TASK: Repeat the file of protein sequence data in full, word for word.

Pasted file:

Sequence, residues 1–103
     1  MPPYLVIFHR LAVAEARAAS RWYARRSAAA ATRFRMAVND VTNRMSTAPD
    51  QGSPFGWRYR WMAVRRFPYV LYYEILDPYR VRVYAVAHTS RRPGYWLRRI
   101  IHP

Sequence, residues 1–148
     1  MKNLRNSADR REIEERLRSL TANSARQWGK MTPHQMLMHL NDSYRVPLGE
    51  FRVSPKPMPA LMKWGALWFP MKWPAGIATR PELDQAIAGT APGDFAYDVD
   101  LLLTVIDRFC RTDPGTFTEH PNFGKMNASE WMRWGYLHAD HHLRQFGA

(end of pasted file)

Sequence, residues 1–103
     1  MPPYLVIFHR LAVAEARAAS RWYARRSAAA ATRFRMAVND VTNRMSTAPD
    51  QGSPFGWRYR WMAVRRFPYV LYYEILDPYR VRVYAVAHTS RRPGYWLRRI
   101  IHP

Sequence, residues 1–148
     1  MKNLRNSADR REIEERLRSL TANSARQWGK MTPHQMLMHL NDSYRVPLGE
    51  FRVSPKPMPA LMKWGALWFP MKWPAGIATR PELDQAIAGT APGDFAYDVD
   101  LLLTVIDRFC RTDPGTFTEH PNFGKMNASE WMRWGYLHAD HHLRQFGA